Fiber has so many benefits too especially when it comes to weight loss. It makes you feel full longer, helps maintain blood glucose levels by making carbohydrates more complex and also helps to prevent diverticulitis, a debilitating digestive disease. A diet low in fiber is a contributing factor that increases your risk of developing it.
What I found to be been very helpful to prevent late night snacking is to eat Red, Yellow or Orange Bell peppers. What most people don’t realize is that those forms of bell peppers have more vitamin C and less calories than an orange. I actually eat them like an apple. They are sweet, filled with fiber and water, which helps relieve occasional… cough cough constipation.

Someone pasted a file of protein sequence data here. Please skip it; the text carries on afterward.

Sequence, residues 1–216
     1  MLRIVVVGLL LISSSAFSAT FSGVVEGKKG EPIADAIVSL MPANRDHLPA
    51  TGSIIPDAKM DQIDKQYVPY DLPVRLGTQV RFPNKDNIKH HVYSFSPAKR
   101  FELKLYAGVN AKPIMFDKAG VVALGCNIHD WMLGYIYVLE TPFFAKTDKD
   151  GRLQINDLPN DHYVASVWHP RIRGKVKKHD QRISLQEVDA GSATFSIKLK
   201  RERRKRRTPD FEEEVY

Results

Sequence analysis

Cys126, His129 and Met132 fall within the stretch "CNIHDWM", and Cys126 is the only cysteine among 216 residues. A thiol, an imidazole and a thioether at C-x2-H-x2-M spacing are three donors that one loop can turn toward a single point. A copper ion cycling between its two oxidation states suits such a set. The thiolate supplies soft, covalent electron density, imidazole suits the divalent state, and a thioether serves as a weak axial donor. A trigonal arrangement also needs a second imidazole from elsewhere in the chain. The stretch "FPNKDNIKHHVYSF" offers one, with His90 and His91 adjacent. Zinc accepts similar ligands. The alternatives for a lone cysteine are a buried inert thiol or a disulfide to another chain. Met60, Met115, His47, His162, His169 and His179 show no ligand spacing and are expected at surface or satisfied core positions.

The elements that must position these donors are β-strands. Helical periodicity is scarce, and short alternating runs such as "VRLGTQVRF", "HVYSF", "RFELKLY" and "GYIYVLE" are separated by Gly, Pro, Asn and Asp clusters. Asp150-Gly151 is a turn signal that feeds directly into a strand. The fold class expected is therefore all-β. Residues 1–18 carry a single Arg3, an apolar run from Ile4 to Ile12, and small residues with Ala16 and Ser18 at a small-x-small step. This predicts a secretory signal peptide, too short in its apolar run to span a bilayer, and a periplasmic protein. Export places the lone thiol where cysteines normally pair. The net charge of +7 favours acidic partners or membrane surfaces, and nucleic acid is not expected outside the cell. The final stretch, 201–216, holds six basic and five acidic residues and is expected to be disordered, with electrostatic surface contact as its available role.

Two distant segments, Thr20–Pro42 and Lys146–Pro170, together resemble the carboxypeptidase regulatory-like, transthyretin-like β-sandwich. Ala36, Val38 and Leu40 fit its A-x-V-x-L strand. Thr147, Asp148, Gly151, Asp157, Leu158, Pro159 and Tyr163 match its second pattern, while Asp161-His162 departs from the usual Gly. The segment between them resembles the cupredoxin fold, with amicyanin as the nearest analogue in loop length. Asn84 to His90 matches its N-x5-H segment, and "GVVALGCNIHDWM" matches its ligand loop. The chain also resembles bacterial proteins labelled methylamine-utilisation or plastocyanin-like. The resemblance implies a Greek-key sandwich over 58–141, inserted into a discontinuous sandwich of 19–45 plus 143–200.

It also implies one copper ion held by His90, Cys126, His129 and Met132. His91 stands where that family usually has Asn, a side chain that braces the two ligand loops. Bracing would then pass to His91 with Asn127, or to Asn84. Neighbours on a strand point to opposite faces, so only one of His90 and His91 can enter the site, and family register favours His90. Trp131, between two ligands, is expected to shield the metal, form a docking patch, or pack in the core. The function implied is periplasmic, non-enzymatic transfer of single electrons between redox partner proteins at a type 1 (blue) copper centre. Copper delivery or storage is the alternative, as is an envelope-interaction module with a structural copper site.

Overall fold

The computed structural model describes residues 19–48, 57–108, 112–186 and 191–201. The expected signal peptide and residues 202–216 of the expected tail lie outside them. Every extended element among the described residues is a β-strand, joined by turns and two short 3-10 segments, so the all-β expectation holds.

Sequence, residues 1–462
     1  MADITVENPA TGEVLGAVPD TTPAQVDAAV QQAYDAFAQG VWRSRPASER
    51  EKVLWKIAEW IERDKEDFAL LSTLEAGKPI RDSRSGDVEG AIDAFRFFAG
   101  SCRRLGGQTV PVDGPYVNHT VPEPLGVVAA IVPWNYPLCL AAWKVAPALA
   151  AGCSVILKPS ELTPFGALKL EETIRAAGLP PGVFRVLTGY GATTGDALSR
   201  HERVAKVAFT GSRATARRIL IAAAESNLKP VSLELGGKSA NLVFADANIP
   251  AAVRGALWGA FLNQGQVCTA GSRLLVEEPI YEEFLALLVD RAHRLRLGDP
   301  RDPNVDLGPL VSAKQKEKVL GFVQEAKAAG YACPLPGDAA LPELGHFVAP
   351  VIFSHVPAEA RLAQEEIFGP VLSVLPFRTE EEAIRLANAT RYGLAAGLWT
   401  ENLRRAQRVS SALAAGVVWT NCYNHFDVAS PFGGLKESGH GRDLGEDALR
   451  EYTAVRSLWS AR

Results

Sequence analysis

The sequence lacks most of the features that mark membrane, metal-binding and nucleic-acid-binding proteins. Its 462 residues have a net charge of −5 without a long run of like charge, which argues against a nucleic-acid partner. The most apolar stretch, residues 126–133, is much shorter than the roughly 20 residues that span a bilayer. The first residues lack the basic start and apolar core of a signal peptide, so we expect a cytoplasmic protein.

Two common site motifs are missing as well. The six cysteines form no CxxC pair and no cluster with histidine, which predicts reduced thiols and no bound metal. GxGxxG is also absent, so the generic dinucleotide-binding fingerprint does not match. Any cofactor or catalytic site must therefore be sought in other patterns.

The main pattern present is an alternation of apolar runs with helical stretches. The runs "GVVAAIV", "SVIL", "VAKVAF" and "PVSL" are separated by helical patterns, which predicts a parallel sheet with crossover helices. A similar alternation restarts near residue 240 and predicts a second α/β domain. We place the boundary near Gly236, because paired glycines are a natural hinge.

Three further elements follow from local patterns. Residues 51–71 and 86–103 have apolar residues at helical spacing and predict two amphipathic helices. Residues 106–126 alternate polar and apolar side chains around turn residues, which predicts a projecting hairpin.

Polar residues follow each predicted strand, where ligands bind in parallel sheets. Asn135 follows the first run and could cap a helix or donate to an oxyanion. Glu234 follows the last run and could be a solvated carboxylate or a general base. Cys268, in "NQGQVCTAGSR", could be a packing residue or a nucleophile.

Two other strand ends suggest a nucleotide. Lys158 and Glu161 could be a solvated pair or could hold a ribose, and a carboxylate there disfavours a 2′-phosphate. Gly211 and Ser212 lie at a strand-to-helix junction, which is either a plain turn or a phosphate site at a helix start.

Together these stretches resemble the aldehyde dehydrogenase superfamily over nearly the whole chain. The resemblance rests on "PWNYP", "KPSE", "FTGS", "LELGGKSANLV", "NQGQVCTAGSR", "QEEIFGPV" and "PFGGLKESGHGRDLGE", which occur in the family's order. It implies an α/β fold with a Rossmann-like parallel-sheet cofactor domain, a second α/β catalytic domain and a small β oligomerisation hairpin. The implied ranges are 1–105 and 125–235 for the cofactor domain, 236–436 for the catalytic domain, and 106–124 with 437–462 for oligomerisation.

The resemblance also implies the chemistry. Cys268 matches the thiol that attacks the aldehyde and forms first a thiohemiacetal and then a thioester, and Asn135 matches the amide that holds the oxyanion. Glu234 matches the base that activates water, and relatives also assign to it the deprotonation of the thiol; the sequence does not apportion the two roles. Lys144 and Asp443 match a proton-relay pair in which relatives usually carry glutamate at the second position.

Hope that helps and as always, this is for informational purposes only and in no way should be taken over the advise of your doctor or other healthcare provider.
Many of you have trouble getting in all your protein during the day or you seem to be hungry late at night or you just crave something sweet. I found that this little trick really helps me stay on track as well as provide slow digesting protein while I sleep. It’s a pudding made from 100% Casein protein, a slow digesting protein that’s great to use before bed. It can also be used if you know you may have to go more than 3 hours without eating. So check out my youtube tutorial on how simple it is to make it.
Over the years between sports and exercise, I had developed many nagging aches and pains that I accepted as “part of the process”. I went to see all the medical specialists and guru’s about how to relieve the pain. No one could give me any concrete solution or diagnosis, other than, “Quite working out so much”. Wow, I paid you how much to have you tell me that!!!!